During the Japanese occupation of Korea prior to and during WW II, the Japanese forced the Koreans to march to their gods’ shrines and pay homage—those resisting were imprisoned, brutally tortured, their families denied food rations. The narrative begins as Kim quietly, boldly marches to the shrine and, fearing God rather than man, does not prostrate herself to worship idols made by men. Her adventures, because of this, lead her to flee to Japan to inform Japanese leaders, some with Christian sympathies, of the untold extent of religious persecution happening in Korea.  This leads thereafter, into the story of her arrest and life in various Korean prisons where the Lord uses her gifts in language (she excelled in Japanese, the language of her captors) and writing.  Her devotion—constant prayer, fasting, courageous obedience, and mercy to the dirtiest and lowliest outcasts—throughout her imprisonment are very inspiring.

The ways in which God answers several of her prayers are simply historical. For instance, at the apex of the war, the Japanese are intent that all their subjects implore their gods for victory. As a result they plan that everyone will bow down at a signal and together pay homage to their gods. There is one cruel prison guard who despises all the good God has done through and to Esther Ahn and who is only all too eager to execute the impending justice towards Kim the moment Kim defies the command to worship idols. The expected time of worship arrives and passes…it never happens.   The plane, carrying the governor who was to signal the commencement of these worship exercises, has been shot down.  The last chapters record the defeat of the Japanese, an empire so humiliated by the impotency their gods, that they burn their shrines with kerosene. The Russian communists replace them in political power and with their godless, atheistic worldview they usher in a government and a society only more barbaric and more cruel. In the last chapters, Esther Ahn Kim flees persecution with other Christians to South Korea—south of the 38th parallel.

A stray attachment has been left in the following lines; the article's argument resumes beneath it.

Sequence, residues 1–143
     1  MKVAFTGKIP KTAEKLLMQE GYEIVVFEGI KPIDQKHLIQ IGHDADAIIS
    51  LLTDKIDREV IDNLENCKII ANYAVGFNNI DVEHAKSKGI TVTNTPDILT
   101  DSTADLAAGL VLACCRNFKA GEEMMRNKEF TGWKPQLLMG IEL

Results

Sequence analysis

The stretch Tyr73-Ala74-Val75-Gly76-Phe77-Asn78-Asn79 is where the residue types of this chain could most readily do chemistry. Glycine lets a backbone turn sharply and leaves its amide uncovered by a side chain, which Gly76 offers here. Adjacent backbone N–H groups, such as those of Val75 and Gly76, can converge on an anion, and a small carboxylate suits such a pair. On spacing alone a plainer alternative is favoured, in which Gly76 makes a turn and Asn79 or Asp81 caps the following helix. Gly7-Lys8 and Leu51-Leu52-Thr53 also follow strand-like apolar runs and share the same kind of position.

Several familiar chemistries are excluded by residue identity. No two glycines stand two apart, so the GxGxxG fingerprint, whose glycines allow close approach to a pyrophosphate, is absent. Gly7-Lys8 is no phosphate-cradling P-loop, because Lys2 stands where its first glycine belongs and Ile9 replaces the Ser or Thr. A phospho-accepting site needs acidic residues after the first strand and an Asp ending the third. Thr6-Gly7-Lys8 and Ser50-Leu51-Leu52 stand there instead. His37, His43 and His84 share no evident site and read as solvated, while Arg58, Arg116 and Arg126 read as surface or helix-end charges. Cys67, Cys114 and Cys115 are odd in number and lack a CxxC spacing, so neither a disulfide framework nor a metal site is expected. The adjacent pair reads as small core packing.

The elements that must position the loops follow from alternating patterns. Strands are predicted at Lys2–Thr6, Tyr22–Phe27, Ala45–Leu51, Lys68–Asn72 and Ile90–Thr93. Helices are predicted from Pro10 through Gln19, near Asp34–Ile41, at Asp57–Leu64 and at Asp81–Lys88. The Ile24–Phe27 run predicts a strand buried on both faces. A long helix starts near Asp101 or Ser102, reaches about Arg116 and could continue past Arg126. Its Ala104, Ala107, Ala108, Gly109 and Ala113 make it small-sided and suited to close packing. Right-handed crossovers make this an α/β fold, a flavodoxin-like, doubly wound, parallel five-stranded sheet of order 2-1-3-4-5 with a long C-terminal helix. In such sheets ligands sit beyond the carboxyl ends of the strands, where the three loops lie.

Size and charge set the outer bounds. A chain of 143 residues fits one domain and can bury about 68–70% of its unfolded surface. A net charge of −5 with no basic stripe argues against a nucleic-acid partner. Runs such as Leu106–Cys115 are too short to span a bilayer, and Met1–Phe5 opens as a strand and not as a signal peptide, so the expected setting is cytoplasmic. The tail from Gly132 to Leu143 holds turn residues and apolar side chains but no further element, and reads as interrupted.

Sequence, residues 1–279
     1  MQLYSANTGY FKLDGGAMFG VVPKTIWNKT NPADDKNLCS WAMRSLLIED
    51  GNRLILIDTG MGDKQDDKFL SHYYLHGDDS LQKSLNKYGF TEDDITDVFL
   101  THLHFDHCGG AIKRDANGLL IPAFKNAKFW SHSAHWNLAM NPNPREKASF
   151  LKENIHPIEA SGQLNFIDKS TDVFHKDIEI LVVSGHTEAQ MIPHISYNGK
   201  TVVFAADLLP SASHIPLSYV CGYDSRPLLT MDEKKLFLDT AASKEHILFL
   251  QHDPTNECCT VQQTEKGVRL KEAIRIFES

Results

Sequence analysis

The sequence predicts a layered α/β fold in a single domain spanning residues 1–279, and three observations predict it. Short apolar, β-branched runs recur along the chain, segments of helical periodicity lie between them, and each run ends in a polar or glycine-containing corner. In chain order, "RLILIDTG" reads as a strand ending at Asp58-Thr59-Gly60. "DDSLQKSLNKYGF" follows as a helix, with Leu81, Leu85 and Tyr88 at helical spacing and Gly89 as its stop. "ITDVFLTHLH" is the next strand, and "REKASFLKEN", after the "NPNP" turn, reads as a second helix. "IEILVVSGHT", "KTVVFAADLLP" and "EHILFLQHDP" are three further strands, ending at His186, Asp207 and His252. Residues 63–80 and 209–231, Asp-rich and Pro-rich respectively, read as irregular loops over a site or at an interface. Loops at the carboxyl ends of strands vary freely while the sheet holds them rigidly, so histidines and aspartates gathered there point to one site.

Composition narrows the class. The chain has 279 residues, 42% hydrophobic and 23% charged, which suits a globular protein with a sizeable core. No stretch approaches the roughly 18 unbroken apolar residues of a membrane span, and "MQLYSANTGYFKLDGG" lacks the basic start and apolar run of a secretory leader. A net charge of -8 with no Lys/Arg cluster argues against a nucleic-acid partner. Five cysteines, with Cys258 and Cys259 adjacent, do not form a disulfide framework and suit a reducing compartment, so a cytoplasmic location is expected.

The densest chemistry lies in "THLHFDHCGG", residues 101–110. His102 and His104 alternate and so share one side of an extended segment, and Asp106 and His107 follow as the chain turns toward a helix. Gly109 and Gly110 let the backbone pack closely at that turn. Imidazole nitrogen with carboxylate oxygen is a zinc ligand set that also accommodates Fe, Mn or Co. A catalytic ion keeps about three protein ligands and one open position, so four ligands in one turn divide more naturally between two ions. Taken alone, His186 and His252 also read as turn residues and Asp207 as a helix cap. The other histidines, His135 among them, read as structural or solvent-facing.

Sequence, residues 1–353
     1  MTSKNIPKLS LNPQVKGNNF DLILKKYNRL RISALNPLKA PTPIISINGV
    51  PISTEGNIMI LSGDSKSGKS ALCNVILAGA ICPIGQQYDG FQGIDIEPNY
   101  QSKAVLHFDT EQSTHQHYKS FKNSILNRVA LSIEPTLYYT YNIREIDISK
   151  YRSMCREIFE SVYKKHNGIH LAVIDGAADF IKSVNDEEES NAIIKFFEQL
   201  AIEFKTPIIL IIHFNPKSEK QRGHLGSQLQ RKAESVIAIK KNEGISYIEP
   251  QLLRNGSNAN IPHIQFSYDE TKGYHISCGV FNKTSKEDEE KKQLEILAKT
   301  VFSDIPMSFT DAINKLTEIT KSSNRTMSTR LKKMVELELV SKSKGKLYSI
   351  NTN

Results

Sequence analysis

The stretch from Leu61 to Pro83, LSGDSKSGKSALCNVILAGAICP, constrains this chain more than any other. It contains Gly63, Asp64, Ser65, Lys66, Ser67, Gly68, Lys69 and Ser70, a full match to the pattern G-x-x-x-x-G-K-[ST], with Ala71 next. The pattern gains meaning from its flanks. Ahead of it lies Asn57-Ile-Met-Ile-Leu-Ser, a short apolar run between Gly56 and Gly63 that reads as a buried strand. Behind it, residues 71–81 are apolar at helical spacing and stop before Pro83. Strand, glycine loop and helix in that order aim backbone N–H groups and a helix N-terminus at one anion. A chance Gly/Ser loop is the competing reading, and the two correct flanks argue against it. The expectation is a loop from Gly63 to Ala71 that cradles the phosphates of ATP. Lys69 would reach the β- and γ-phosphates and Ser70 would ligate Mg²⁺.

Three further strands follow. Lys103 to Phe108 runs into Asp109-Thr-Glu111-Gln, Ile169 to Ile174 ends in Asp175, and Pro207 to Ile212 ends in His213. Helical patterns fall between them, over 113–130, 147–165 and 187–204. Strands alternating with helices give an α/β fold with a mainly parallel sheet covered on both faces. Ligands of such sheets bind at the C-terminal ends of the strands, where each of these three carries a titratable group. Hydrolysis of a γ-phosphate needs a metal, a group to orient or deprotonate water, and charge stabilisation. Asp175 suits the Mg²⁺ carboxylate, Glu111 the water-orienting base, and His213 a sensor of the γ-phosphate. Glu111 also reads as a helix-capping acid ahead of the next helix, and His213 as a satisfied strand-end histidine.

Here are a few choice dainties from the book:



“I am already dead.”



In reply to a Japanese Christian’s admission that he bows to the gods and doesn’t consider it a sin, Esther Ahn Kim writes, “I was stunned at his words.  What is the difference between a Christian and a non-Christian, I thought, if a believer does the same things as an unbeliever? Why would he even become a Christian unless he allowed God to change his life?